(Bloomberg) — Every time Italy is about to go off the rails, there’s always been the same solution: call in the technocrat. Former European Central Bank President Mario Draghi is the latest in a long list of fixers.
That’s when you know things are really bad, either because the finances are in such disarray that bond markets are panicking or because the usual bickering among parties has turned into complete political gridlock. It’s a peculiar way for a western democracy to function, especially since the outsider brought in to solve the most intractable of problems is not elected by the people.
“After a lot of troubles Italy is in very good hands and not in populist hands,” former Prime Minister Matteo Renzi, who prompted ex-Premier Giuseppe Conte’s resignation by withdrawing his small Italy Alive party from the ruling coalition, said in an interview Thursday. “Mario Draghi is the best man, he saved the euro and will save Italy.”
But like Italy’s tradition of revolving-door governments, the reasons are rooted in the country’s past. The framers of the postwar constitution wanted to ensure that Italy’s parliamentary system would be fully inoculated against the threat of dictatorship. If the price was a proliferation of parties and unruly coalitions, so be it.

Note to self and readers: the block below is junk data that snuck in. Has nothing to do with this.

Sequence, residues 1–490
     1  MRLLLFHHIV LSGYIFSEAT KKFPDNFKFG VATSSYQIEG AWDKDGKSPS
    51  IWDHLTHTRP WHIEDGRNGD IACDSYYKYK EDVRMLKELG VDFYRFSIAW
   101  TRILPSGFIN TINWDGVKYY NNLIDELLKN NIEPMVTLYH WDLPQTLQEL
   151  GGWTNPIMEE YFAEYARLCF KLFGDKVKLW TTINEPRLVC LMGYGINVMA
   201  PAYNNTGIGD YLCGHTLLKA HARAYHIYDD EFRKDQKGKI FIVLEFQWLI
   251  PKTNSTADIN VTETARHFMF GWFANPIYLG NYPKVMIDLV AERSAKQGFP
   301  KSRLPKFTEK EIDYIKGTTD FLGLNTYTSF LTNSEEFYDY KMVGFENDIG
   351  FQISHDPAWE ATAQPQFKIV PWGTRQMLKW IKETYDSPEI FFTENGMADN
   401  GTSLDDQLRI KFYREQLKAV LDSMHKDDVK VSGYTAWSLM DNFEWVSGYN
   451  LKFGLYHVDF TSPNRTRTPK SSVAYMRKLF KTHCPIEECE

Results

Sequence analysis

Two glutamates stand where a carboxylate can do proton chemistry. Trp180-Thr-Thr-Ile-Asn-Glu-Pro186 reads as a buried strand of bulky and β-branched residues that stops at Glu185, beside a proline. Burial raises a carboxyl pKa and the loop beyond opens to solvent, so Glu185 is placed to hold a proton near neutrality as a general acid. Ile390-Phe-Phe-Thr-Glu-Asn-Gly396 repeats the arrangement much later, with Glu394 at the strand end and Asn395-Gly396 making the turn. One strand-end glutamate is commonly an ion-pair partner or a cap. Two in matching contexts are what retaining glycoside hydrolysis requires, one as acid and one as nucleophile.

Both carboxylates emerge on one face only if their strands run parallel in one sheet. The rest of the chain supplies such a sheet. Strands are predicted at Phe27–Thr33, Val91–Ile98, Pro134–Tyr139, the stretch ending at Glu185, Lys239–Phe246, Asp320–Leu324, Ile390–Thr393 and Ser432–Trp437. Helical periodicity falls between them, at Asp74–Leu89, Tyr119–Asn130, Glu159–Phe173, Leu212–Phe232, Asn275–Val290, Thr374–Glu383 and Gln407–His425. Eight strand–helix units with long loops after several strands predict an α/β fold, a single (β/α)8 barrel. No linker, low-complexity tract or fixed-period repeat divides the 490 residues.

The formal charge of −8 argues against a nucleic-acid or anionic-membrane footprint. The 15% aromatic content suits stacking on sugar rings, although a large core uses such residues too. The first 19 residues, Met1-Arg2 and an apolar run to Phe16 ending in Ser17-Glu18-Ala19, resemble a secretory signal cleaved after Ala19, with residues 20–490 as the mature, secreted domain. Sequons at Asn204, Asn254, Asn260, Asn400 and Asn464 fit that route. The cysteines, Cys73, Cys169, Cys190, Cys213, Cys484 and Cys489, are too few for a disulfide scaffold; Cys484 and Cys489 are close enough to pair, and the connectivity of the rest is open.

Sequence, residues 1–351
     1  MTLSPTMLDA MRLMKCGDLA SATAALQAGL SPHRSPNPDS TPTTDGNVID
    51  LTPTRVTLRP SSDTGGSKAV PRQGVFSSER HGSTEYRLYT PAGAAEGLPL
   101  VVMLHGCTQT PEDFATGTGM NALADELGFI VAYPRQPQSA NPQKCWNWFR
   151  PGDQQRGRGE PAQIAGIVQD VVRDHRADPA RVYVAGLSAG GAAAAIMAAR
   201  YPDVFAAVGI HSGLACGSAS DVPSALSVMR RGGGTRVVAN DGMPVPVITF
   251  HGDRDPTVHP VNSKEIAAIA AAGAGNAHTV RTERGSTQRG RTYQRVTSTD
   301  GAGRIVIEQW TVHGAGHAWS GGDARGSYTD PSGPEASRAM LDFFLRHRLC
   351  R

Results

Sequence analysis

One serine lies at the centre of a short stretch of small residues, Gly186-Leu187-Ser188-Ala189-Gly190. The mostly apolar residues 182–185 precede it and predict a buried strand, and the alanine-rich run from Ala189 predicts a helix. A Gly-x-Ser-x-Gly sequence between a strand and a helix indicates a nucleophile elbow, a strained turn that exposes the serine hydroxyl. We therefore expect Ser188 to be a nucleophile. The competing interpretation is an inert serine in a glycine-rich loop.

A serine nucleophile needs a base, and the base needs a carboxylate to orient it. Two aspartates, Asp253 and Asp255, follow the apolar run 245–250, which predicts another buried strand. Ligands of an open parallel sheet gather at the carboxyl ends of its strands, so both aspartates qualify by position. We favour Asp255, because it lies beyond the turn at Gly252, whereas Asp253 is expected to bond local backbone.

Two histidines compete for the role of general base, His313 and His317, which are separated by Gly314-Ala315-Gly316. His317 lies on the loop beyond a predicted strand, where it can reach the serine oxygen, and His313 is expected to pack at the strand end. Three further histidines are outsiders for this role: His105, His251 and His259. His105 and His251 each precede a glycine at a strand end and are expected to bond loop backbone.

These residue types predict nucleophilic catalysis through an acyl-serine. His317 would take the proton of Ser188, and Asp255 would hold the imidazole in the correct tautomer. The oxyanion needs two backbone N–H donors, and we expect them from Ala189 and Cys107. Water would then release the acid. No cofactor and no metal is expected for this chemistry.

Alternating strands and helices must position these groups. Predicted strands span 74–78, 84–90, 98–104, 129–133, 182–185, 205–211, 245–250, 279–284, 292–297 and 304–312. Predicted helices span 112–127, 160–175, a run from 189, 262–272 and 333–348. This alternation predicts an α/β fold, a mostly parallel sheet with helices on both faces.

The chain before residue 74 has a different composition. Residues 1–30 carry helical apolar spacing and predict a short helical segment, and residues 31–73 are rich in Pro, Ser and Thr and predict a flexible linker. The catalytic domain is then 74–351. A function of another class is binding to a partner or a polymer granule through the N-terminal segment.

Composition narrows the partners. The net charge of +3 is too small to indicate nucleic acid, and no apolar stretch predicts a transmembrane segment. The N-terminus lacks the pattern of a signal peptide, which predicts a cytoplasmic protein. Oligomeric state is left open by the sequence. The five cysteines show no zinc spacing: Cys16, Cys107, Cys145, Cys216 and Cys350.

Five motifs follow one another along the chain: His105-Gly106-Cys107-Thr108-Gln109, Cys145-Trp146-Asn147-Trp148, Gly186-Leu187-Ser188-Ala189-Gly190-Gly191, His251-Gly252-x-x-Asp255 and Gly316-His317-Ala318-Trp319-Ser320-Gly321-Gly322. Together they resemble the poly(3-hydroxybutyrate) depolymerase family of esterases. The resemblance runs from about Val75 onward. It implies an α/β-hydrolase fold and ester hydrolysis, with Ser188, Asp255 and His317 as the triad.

That’s why Italy’s head of state, a ceremonial position in normal times, becomes critical during a crisis. When there is no way out, and elections are too risky, the president can make the call and appoint an expert. In accepting that challenge, Draghi said “it was a difficult moment.”
“It’s a way out when the system breaks down,” said Stefano Silvestri, a political analyst and adviser to governments, who served under Lamberto Dini’s technocratic government in the 1990s. “In my experience, the advantage of a technical government is we were able to talk to all political forces to get things done, so we passed both left-wing and right-wing measures without prejudice, gathering support across the board.”
This is the fourth time in three decades that a technocrat has been appointed to address the country’s various dysfunctions. And the move usually comes as a relief to investors and disillusioned Italians. The technocrats get a year or two to make the kind of painful and unpopular cost cuts that politicians are loathe to push through. When the job is done, the country goes to the ballot box.
In Draghi’s case, if he can negotiate the support he needs from Italy’s fragmented parliament, the job won’t be to slash but to build. And he’ll have over 209 billion euros ($251 billion) of cash coming in the next few years via the European Union recovery fund to help him.
He’ll need to show a common touch as well. The pandemic has not only devastated the economy, it’s also traumatized the nation. Italians are still haunted by images of coffins in line for the morgue in the city of Bergamo.
They also have terrible memories of their last…